For a Cambodian man living in a rural village with few job opportunities, the promise of a $220 monthly salary to work on a fishing boat in Japan for two years was too good to pass up. He accepted the job offer immediately — without signing a contract.
Next thing he knew, he was flown to South Africa, had his passport confiscated, and was then forced to work — repairing fishing nets and cleaning the boat — 14 hours a day without pay. He slept in a narrow room with three other workers in bunk beds made of iron and endured the bullying of another crew member.
Unfortunately, reports of migrant workers deceived to work on fishing vessels are far too common. Nearly 21 million people are being forced to work under slave-like conditions, feeding a $150 billion human trafficking industry, according to estimates from the International Labor Organization. Last year , a U.S. Labor Department report on goods produced by child labor or forced labor lists 136 products from 74 countries — from carpets in Nepal to fish in Thailand.
Human trafficking is a global human rights challenge that preys upon the vulnerable, breaks down the rule of law and corrupts global commerce. Much more needs to be done to curb these crimes. But given these daunting figures and the well-established illicit networks benefiting across the globe, where does one begin to intervene?
As the development agency of the U.S. government, USAID sees human trafficking as a fundamental obstacle to our mission, as it impedes health, economic growth, rule of law, women’s empowerment, and lifetime prospects for youth. It undermines the development objectives we hope to accomplish through our programming.
To fight back, USAID is pioneering a global supply chain approach to better identify and counter human trafficking in sectors rife with these forms of exploitation and abuse. We call this initiative “Supply Unchained” and recently put out a call for ideas via the Global Development Lab’s new Development Innovation Accelerator.
At USAID, we are committed to using our comparative advantage as a development agency at the source of these supply chains by using this new model of development to leverage technology and partnerships to connect individuals and communities in sectors at risk with stakeholders along the supply chain. The ultimate goal of Supply Unchained is to better identify human trafficking risks to prevent new cases.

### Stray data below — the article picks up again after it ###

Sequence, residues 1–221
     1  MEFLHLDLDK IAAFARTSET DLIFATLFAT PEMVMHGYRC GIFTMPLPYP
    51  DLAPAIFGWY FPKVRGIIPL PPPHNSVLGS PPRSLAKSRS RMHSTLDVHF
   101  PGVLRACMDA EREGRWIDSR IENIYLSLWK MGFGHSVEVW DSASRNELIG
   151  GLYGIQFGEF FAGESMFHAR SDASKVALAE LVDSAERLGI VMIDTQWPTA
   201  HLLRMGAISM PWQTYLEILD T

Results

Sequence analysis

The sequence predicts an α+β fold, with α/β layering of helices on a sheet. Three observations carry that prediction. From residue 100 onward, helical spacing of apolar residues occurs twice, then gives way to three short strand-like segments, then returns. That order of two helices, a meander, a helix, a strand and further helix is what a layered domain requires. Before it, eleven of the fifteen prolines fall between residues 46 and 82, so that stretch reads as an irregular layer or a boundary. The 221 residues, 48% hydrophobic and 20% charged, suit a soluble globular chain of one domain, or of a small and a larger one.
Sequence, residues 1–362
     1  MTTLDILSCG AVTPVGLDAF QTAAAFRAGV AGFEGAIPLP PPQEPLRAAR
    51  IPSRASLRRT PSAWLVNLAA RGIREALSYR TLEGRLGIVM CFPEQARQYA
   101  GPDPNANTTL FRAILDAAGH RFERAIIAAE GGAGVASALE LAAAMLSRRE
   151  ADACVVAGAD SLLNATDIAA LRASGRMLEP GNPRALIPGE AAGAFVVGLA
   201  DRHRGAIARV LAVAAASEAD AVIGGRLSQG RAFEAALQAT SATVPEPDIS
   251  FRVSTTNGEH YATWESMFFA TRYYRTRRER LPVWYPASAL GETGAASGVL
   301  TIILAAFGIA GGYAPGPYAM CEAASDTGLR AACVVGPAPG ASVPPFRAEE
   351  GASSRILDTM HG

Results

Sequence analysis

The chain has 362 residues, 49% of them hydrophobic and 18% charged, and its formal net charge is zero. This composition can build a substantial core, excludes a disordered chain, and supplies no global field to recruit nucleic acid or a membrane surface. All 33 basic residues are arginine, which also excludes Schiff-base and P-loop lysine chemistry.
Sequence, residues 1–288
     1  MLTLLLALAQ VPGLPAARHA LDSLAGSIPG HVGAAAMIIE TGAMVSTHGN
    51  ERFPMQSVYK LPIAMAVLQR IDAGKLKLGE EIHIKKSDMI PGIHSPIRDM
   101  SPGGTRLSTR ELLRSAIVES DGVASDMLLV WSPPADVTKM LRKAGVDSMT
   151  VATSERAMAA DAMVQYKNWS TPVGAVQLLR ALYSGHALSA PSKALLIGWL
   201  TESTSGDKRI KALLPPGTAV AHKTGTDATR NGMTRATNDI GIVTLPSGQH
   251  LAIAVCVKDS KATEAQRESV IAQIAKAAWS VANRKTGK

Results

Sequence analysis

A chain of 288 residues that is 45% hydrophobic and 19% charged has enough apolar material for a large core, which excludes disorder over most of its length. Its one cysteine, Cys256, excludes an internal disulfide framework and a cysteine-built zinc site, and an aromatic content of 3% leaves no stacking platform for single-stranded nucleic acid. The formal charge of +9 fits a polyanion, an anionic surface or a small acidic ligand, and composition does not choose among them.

President Obama proclaimed that “our fight against human trafficking is one of the greatest human rights causes of our time” and that human trafficking has no place in our business, at home or abroad.
None of the products we consume daily should be made by an adult who is forced to produce them, or by a child working under conditions that violate international law. USAID’s Supply Unchained initiative also aligns with an executive order Obama issued in 2012 to ensure that supplies and services obtained through federal contracts are free from practices involving human trafficking.
The story of the Cambodian man who was tricked into working on a fishing boat without pay was documented in a report by USAID’s partner Winrock International, along with several other victims of human trafficking; that report ultimately led to a complaint against Giant Ocean International Fishery Company in Cambodia for exploitative recruitment practices.
The man had managed to contact his father back in Cambodia to seek help. His father then reached out to the team working with a USAID-funded program, who got the man repatriated home, provided him with free legal support for his case at Phnom Penh municipal court, and referred him to an NGO for vocational training in motor repair. The man now runs his own shop.
We hope to prevent more people from experiencing the nightmare that this Cambodian man endured. We are excited to engage with innovative problem-solvers around the globe to create solutions to counter human trafficking in some of the most troubled sectors. We look forward to bringing in new partners, meeting with interested companies, and continuing to provide a platform for innovation and partnerships. Looking down supply chains, we can now begin to envision a world that is free from slavery.
This article originally was published by USAID’s Impact Blog on July 30, 2015. It was lightly edited and republished here with the author’s permission.